To further validate the conclusion that the structure that we have determined of the unlocked state represents a release intermediate, we designed a second mutational variant to stabilise the unlocked state, rather than destabilising it as the N44A mutation. In the new mutant, N46Q/V110Q, a strong glutamine–glutamine interaction is inserted with the purpose to stabilise the ‘unlocked’ state in its conformation (Figure 4—figure supplement 3A). We have verified the folding of the mutant by NMR (Figure 4—figure supplement 3B) and measured the binding constants of the ligand for the unlocked state by SPR to show that it corresponds to a weaker binding affinity (Figure 4—figure supplement 3C). While the Kd of the wild type is about 9 μM, the Kd of the N46Q/V110Q mutant is high almost beyond detection, indicating that the mutant essentially does not bind the substrate. These experimentally measured binding constants are consistent with the observation that, considering that the free energy of the free state is the same, the binding free energy of the locked state is larger than that of the unlocked state because the free energy of the former is lower than that of the latter (Figure 1).
We have presented the atomic resolution structure of an intermediate associated with the product release in an enzymatic reaction. We have validated this structure by identifying a distinctive structural characteristic of this state, a transient hydrogen bond between the side-chains of residues N44 and E35. As this interaction stabilises the intermediate state but not the ground state, we introduced a mutational variant (N44A) that, by removing specifically the hydrogen bond, reduces the stability of the intermediate state but not that of the ground state and thus inhibits the release process. Our results provide an illustration of the manner in which conformational fluctuations can play a central role in enzymatic reactions by creating low-population intermediate states that facilitate the challenging step of release of the products of the catalytic reaction.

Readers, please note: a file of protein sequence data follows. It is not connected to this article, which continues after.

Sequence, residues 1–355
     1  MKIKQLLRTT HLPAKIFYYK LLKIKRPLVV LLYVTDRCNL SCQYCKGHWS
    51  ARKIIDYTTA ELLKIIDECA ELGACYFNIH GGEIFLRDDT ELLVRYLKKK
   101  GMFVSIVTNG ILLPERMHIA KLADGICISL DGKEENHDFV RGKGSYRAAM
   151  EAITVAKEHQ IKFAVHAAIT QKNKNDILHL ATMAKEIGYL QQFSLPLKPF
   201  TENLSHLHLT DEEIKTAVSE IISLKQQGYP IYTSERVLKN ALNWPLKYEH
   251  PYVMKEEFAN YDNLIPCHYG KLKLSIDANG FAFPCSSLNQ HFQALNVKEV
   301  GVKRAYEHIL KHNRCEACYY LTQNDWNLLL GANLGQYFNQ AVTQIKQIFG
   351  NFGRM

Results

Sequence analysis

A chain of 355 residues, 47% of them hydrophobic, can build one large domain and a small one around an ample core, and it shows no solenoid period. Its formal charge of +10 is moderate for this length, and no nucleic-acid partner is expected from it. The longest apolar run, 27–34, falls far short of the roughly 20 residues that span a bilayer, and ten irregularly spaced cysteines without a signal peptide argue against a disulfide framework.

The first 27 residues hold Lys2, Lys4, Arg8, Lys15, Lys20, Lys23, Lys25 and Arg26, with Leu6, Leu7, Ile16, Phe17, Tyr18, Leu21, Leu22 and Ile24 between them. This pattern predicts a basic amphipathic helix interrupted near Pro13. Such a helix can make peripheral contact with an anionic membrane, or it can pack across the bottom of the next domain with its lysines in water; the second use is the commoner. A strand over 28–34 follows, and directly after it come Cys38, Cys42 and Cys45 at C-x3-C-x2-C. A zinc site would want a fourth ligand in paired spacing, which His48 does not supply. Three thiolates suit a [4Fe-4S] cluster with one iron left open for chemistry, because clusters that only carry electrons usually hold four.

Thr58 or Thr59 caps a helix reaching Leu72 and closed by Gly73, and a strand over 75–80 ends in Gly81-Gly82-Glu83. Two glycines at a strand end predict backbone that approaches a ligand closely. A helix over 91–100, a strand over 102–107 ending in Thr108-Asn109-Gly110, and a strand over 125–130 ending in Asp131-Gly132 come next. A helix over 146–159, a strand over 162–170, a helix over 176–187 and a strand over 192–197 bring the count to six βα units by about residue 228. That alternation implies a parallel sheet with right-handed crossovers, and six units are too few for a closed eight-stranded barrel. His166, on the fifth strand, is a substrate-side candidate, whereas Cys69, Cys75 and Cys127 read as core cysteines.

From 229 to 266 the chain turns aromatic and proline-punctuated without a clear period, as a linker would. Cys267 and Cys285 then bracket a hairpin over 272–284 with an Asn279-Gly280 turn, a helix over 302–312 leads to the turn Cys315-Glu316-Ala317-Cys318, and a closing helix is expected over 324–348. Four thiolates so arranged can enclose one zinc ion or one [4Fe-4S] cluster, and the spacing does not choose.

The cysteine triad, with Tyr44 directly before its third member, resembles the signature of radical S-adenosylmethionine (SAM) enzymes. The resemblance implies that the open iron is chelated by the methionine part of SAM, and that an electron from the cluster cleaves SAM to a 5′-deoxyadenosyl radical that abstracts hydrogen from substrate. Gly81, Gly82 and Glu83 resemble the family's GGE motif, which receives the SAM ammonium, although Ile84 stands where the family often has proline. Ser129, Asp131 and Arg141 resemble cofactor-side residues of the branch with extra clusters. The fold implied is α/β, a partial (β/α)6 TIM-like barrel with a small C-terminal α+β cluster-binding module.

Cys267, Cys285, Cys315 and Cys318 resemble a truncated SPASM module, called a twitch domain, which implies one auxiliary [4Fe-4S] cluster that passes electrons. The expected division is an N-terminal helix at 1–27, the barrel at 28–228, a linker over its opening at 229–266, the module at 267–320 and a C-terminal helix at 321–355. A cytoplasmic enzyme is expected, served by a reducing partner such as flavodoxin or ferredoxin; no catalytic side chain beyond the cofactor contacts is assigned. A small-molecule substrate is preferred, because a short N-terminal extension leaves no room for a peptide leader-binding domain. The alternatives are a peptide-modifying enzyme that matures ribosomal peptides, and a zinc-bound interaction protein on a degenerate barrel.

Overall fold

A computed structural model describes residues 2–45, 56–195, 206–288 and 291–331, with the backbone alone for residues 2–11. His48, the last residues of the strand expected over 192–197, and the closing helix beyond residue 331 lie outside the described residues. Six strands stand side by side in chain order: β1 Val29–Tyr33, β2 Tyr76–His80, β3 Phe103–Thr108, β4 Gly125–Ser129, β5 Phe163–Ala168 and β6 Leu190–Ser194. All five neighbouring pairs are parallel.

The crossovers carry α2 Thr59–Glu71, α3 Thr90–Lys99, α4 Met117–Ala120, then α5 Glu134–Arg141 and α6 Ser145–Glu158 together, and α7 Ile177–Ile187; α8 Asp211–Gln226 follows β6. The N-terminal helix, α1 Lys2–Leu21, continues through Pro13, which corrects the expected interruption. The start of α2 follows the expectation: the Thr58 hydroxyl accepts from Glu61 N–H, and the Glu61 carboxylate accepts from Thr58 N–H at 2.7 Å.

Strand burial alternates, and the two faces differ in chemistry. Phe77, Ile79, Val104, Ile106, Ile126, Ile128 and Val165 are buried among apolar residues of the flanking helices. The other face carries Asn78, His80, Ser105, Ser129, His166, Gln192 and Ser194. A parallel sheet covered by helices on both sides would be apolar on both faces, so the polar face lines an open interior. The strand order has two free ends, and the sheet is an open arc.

Human lysozyme was expressed in Pichia pastoris and purified on an ion exchange column, as previously described (Johnson and et al., 2005). 15N ammonium sulfate and 13C methanol were used to 15N and 13C label the protein, respectively. NMR experiments were carried out using a 700 MHz spectrometer at 37°C in a buffer at pH 5.0 containing 20 mM potassium phosphate and 10% D2O; the pH was re-adjusted after the addition of the protein. Protein concentrations were in the range of 200–350 μM. For the measurements of the bound state, N,N′,N”-triacetylchitotriose (triNAG) sugar was purchased from Sigma and dissolved in water to constitute a concentrated stock solution.
For the assignment of the free state at pH 5.0 and 37°C, we used a previously published assignment (Ohkubo et al., 1991; Hagan and et al., 2010), which was confirmed using HNCA measurements, which was run with a spectral width of 1561 Hz and 68 points in the 15N dimension, and a spectral width of 5456 Hz and 64 points in the 13C dimension (Grzesiek and Bax, 1992). In total, 126 backbone amides were assigned in the 1H-15N spectrum.
For the full assignment of human lysozyme bound to triNAG, we performed titrations of 1H-15N HSQC spectra of a 200 μM sample of 15N human lysozyme, which were recorded using progressive concentration of the ligand (0, 0.3, 0.5, 0.8, 1.1, 1.6, 2.4, 3.1, 5.2, and 10 equivalents), allowing us to sample different points along the binding curve. HSQC spectra were recorded with a spectral width of 1621 Hz and 128 points in the 15N dimension (Figure 1—figure supplement 2). Additional information was obtained using HNCA and HNCACB experiments of a triNAG-saturated human lysozyme sample (Grzesiek and Bax, 1992; Muhandiram and Kay, 1994). The HNCA experiment was carried out with the same settings as for the free state (see above). The HNCACB experiment was carried out with a spectral width of 1561 Hz and 68 points in the 15N dimension and with a spectral width of 13,210 Hz and 72 points in the 13C dimension. These complementary data allowed us to obtain the full assignment of the 1H-15N spectra (Figure 1—figure supplement 1).